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C diff recurrences 'pose biggest challenge'

Recurrent Clostridium difficile cases (CDIs) are now considered by most doctors to be the biggest challenge when treating the infection, a survey suggests.

The Think C-differently report, published this month, suggests that 50% of UK doctors feel that this issue is currently the most challenging they face.

Around 25,000 cases of CDIs are reported on an annual basis, with the condition costing the NHS around £250m each year.

The 101 health specialists who were polled as part of the report indicate that recurrent CDIs have a heavy financial burden. It is believed that the NHS has to spend up to £10,000 on every case of CDI which is reported.

Graziella Kontkowski, founder of the C-diff Support patient organisation, said greater awareness was required among patients about the risks of CDI recurrences.

She added: “As statistics are now showing that C.difficile is as prevalent in the community setting as it is in the hospital setting, it is essential that doctors working in this area are able to diagnose and treat their patients promptly to ensure recovery is made without complications arising.”

Professor Mark Wilcox, professor of Medical Microbiology, University of Leeds and Leeds Teaching Hospitals, added: “We have come a long way since the very high rates of CDI in 2007-08, but there is still room for continued improvement.

“We must avoid complacency and ensure CDI is appropriately contained by optimising diagnosis, improving treatment and ensuring that systems for reporting CDI are as accurate as possible.”

Readers' comments (3)

  • Andrew Kingsley

    Much has been done over the last few years in hospitals and rates of this infection have been brought down, though there remains more to do.

    Sadly many GPs are not interested in C difficile in the community and will not engage with root cause analysis investigations by public health and infection control teams. This means more people will be doomed to suffer and some may die before lessons are learned - this is not acceptable, many of these infections are avoidable.

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  • Whilst I agree there remains a need for further improvement in prescribing habits in both primary and secondary care environments, this is only one part of the problem. There is a need for improving national awareness of the harms that can be done through antibiotic abuse. Joe Public needs to realise that manipulating prescribers (mis- reporting symptoms, etc) in order to achieve the golden ticket (a prescription) isn't such a grand idea. I have also found self-medicators ('bring a bottle of cipro back from your hols for me, son'), hoarders ('I never take more than a couple of days so I've always got some in hand for next time') and borrowers ('they were in my wife's 'rescue kit' as she has COPD...'). Perhaps it is time for a new national campaign focussing on the antibiotic harms? Although that might spoil the press' favourite occupation of NHS bashing.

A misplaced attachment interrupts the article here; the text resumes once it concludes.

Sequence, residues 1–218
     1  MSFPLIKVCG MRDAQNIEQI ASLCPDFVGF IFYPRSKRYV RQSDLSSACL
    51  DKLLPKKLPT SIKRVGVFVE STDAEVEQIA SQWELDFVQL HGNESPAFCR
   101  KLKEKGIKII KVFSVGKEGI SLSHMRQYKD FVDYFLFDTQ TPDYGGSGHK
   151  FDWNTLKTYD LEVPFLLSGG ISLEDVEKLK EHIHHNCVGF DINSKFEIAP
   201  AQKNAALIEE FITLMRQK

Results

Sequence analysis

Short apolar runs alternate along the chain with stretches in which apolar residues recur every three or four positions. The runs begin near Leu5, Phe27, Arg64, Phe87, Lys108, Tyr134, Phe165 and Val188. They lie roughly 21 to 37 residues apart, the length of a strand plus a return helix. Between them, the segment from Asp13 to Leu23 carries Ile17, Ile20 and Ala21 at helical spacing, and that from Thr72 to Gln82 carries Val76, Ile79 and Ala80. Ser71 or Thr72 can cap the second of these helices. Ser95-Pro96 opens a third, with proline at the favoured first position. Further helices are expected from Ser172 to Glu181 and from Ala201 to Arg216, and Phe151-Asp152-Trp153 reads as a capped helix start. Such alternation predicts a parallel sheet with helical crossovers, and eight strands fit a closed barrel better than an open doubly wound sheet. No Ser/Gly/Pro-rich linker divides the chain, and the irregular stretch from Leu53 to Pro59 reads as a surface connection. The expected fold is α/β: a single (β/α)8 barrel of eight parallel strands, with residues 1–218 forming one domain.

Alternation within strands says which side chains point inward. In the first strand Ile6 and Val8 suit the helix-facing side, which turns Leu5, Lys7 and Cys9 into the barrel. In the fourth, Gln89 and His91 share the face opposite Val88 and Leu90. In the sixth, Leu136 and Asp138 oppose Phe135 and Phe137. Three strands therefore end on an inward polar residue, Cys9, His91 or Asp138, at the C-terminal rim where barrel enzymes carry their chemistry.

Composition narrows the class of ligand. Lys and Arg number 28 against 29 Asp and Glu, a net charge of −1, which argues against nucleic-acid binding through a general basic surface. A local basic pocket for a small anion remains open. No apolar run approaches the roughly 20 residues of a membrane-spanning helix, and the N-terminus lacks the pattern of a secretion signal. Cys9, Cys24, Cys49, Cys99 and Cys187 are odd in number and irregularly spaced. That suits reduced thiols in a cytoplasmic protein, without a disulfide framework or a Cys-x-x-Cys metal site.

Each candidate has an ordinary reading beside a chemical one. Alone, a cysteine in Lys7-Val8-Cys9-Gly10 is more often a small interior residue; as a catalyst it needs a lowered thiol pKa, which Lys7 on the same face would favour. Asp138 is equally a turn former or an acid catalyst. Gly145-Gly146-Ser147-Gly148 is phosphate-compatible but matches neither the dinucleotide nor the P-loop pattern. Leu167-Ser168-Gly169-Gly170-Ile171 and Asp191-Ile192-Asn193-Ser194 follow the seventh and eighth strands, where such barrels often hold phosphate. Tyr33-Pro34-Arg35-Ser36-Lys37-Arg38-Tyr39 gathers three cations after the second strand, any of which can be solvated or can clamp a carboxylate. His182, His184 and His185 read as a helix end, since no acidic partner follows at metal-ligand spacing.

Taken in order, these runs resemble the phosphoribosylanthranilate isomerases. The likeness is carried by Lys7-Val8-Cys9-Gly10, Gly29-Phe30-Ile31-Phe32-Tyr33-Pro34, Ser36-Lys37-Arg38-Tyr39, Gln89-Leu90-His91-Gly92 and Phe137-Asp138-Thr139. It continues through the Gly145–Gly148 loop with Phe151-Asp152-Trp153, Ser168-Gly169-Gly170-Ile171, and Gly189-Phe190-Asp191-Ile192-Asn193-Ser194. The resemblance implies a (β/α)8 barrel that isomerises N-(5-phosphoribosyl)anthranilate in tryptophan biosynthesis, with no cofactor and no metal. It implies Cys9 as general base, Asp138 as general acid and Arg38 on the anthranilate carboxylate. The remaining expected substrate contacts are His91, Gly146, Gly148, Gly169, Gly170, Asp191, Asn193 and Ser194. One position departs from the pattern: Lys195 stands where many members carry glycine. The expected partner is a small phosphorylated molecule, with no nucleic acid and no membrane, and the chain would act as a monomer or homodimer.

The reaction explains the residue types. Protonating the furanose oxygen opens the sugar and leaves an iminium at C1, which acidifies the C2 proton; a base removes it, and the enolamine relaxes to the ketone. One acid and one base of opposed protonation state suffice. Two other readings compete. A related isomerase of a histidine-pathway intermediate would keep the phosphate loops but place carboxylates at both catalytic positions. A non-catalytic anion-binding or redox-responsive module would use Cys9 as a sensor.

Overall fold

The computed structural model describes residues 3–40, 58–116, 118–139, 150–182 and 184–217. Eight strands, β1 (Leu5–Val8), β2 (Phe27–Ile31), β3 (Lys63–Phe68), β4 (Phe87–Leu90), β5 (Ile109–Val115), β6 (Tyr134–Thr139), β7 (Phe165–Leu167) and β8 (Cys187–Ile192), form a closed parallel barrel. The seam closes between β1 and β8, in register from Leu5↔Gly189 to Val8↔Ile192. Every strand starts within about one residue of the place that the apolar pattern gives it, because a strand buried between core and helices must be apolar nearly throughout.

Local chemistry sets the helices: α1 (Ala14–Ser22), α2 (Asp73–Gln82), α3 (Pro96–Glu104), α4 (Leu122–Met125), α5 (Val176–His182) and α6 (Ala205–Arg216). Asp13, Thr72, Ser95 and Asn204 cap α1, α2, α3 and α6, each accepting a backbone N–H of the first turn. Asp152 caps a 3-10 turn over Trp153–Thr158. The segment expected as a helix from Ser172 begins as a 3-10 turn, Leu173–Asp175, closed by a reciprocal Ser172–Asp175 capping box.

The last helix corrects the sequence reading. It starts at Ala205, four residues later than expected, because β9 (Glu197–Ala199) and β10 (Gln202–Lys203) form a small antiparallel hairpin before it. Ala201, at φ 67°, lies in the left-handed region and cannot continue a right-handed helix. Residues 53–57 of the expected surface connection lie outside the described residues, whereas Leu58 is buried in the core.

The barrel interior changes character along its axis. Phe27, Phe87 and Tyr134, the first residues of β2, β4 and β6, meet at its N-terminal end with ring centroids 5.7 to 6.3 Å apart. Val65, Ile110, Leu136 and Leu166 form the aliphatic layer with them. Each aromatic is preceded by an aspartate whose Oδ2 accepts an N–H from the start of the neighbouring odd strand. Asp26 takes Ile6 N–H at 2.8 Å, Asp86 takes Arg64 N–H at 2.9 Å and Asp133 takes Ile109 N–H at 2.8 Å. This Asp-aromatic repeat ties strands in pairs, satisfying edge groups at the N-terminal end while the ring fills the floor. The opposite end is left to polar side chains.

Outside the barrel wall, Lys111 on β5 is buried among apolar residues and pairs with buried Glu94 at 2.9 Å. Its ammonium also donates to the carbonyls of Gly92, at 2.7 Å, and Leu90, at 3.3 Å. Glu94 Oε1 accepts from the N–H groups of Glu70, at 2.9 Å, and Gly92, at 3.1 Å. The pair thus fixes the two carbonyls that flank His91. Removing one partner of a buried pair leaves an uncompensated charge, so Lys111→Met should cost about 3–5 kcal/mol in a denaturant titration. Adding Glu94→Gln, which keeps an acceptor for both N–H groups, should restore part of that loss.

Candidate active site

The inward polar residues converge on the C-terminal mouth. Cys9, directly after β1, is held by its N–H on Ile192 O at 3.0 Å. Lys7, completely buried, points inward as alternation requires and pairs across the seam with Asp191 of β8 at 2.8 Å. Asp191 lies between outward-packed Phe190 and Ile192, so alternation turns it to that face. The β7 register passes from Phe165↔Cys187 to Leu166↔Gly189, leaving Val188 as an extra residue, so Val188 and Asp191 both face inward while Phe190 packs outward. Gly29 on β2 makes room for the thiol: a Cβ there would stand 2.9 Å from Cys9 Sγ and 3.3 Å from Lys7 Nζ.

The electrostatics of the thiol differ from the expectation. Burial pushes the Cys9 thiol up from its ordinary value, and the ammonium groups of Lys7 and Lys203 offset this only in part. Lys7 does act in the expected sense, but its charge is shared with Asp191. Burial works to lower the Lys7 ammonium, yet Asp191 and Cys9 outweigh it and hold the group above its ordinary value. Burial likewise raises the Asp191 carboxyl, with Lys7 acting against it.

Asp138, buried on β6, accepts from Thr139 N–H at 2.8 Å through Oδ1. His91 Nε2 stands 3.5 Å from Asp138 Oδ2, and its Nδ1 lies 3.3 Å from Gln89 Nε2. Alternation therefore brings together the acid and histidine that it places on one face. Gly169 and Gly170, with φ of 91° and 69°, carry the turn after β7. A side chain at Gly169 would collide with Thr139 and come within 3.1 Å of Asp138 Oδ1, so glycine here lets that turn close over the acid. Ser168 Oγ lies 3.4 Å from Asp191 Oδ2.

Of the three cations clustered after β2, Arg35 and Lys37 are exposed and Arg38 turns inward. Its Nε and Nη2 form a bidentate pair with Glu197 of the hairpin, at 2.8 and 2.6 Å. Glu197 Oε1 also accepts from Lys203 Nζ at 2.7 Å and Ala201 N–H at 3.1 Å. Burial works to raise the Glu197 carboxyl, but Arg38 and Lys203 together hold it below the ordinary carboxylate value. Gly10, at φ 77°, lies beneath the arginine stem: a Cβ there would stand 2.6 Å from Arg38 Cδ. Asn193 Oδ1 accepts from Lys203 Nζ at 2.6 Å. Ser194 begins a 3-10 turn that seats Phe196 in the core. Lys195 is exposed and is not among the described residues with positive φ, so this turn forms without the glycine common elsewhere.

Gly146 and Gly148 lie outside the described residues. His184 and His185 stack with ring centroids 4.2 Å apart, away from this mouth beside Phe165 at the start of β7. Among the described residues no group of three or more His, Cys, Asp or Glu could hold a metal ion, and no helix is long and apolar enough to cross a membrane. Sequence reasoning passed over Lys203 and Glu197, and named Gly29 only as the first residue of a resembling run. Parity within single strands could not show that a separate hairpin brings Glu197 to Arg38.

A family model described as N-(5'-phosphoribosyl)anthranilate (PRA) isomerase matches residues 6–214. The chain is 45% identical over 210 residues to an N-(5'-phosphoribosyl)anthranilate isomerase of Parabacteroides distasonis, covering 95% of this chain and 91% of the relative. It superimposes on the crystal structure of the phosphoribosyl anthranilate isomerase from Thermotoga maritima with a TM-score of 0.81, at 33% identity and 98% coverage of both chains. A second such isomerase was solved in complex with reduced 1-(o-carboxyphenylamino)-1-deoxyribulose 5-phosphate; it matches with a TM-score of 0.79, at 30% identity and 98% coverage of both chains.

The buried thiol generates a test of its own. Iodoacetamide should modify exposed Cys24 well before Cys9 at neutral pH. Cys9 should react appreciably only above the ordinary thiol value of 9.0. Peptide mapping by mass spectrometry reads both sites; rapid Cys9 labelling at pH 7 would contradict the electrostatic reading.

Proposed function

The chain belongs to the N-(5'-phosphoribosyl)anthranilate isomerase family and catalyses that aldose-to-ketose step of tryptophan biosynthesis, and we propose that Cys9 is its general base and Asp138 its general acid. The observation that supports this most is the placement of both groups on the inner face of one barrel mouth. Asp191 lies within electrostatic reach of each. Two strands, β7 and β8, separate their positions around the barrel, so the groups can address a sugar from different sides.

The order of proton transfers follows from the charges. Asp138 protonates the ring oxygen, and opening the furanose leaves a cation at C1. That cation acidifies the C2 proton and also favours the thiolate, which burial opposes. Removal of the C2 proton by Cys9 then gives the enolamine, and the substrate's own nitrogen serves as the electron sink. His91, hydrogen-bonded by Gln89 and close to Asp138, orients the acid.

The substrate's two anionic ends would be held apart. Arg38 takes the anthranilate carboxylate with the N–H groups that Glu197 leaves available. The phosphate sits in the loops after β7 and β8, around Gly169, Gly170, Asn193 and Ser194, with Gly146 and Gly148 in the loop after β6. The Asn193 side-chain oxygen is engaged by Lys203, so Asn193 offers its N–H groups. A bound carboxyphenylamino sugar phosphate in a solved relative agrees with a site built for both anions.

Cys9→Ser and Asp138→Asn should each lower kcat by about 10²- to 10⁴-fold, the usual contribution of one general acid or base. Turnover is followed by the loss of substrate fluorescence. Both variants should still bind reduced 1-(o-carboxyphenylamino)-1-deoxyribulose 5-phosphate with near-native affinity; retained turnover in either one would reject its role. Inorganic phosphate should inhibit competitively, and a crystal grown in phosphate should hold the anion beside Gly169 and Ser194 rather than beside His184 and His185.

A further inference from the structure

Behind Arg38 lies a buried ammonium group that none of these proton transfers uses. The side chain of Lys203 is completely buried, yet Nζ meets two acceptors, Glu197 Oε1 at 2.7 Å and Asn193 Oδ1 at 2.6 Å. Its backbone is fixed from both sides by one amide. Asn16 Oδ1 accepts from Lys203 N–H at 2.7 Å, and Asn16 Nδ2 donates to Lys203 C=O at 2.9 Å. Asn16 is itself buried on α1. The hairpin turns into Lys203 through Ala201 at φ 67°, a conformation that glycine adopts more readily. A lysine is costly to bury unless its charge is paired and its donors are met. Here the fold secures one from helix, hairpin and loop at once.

One other point though- who will be doing the RCAs when the PCTs disappear? Community IPNs like me face a very uncertain future at present.

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  • I am a patient that had cdiff caused by antibiotics. My symptoms started in Aug 13 and I was admitted to hospital. Between Aug and Jan I had 2 further episodes of cdiff which were treated at home. The care I received for this infection was inadequate and I had to fight for the correct treatment from the day I left hospital. I was discharged with no information on cdiff. Hospital staff would enter my quarantined room without protection.

    I had to beg for the vancomycin tapering dose on my 3rd occurrence even though the guidelines suggested I should have a more expensive treatment. Finally in January my symptoms stopped. It is now the end of March and my food intake consists of bread, potatoes and soup. Any other foods upset my stomach and causes pain and nausea. I am taking buscopan and brewers yeast and if i try and eat someing new i have to take tramodol for pain yet my symptoms continue and I continue to collapse at work. I have returned to the doctors and keep being told that it will take time and it's a case of trial and error.

    I have asked to see a gastro expert but cannot get referred.

    I feel that both my husband and myself know more about cdiff than any doctor in my area. In fact my sister who worKs as Nurse in America and a doctor who she works with have been more helpful than doctors in the uk.

    Graziella was fantastic, she helped fight my case and put me in touch with the prevention control department who promised to ring me back. Needless to say she didn't.

    I asked for help again today and was told i needed omiprozel a medicine that cdiff sufferers shouldnt take. Again a doctors who has never treated cdiff.

    I would like to know what damage has been done to my stomach amd bowel by cdiff and what damage is still being done through lack of nutrients.

    I would also like doctors to learn how to treat cdiff.

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